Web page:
A recent clinical study has proved that the increased risk is associated with an impaired insulin sensitivity and insulin secretion . Statins inhibit insulin synthesis and secretion by multiple mechanisms in pancreatic β-cells [5–7]. The free fatty acid (FFA) receptor, free fatty acid receptor 1 (FFA1), or G protein-coupled receptor 40 (GPR40) is a member of the G protein-coupled receptors highly expressed in rodent and human pancreatic β-cells [8, 9]. FFA1 has been recognized to mediate insulin secretion in a phospholipase C- (PLC-) dependent manner; hence, it plays an important role in type 2 diabetes mellitus [10–14]. It is well known that thiazolidinediones (TZDs), synthetic ligands for peroxisome proliferator-activated receptor-γ (PPAR-γ), cause their glucose-lowering effects principally via reversing insulin resistance. However, some studies indicate that TZDs have direct effects on glucose-stimulated insulin secretion and protect β-cells [15, 16]. Furthermore, it has been reported that TZDs protect β-cells from FFA toxicity [17, 18], endoplasmic reticulum stress , and the proinflammatory cytokines . TZDs increase intracellular calcium mobilization and insulin secretion mediated by the upregulation of FFA1 expression in INS-1 cells .
From these findings, we hypothesized that FFA1 is linked to statin-induced pancreatic β-cell dysfunction and that TZDs may ameliorate this deleterious effect. Hence, in this context, we investigated whether pioglitazone can ameliorate insulin secretion and synthesis dysfunction induced by atorvastatin mediated by the upregulation of FFA1 expression.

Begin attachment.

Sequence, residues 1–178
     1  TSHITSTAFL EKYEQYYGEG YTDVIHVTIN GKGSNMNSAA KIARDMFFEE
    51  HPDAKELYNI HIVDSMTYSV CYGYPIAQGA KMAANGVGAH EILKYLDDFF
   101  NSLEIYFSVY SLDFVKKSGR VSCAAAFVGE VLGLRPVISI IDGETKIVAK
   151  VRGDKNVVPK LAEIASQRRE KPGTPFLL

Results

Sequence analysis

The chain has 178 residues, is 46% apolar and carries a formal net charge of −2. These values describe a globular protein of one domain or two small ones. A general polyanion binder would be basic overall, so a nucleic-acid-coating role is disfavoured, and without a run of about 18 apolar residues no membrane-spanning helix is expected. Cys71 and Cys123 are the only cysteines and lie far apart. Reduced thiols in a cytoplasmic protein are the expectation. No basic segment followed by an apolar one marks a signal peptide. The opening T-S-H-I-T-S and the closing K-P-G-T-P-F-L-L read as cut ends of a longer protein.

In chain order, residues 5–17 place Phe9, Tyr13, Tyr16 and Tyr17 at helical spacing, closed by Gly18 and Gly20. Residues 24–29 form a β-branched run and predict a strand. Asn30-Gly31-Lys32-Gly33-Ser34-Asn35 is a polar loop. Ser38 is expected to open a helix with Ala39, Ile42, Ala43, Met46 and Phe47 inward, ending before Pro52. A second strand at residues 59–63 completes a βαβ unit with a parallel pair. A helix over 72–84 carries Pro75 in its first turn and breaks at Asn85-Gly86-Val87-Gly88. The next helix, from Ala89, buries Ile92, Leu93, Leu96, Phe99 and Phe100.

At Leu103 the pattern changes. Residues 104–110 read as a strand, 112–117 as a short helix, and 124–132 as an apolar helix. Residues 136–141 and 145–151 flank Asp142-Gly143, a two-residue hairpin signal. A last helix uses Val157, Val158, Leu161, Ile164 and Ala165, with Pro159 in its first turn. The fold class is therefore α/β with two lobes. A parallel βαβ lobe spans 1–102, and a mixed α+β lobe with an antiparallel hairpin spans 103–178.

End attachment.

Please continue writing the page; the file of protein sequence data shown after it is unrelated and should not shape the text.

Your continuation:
2.1. Cell Culture
Rat pancreatic INS-1 cells were kindly provided by Prof. Hai Qian (China Pharmaceutical University, Nanjing, China) . The cells were routinely reseeded every 2-3 days and cultured in RPMI 1640 medium containing 11 mmol/L (mM) glucose, 2 mM L-glutamine supplemented with 10% heat-inactivated fetal bovine serum (FBS), 1 mM sodium pyruvate, 50 μmol/L (μΜ) β-mercaptoethanol, 10 mM N-2-hydroxyethyl piperazine-N-2-ethane-sulphonic acid (HEPES), 100 IU/mL penicillin, and 100 mg/mL streptomycin in a humidified cell incubator at 37°C in a humidified atmosphere (5% CO2 and 95% air). Lek Pharmaceuticals d.d. generously provided us with atorvastatin (Ljubljana, Slovenija). Final concentrations of atorvastatin ranged from 0.2 μM to 20 μM. Pioglitazone hydrochloride, U-73122, and GW1100 were purchased from MedChem Express (NJ, USA). INS-1 cells were incubated with atorvastatin, pioglitazone, GW1100, FFA1 siRNA, and/or U-73122 for 24 h prior to insulin secretion and other experiments. Atorvastatin, pioglitazone, GW1100, and U-73122 were dissolved in dimethyl sulfoxide (DMSO), and the final concentration of DMSO was adjusted to 0.1% (). The medium containing the same amount of DMSO was used as the control.